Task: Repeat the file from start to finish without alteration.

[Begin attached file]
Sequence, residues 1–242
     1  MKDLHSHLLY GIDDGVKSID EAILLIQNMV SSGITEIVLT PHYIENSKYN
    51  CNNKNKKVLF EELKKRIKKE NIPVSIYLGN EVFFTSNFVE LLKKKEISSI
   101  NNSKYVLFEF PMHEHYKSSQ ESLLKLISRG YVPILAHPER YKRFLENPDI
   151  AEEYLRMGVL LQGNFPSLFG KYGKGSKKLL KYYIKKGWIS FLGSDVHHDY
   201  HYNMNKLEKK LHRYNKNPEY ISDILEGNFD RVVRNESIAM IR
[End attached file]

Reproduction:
Sequence, residues 1–242
     1  MKDLHSHLLY GIDDGVKSID EAILLIQNMV SSGITEIVLT PHYIENSKYN
    51  CNNKNKKVLF EELKKRIKKE NIPVSIYLGN EVFFTSNFVE LLKKKEISSI
   101  NNSKYVLFEF PMHEHYKSSQ ESLLKLISRG YVPILAHPER YKRFLENPDI
   151  AEEYLRMGVL LQGNFPSLFG KYGKGSKKLL KYYIKKGWIS FLGSDVHHDY
   201  HYNMNKLEKK LHRYNKNPEY ISDILEGNFD RVVRNESIAM IR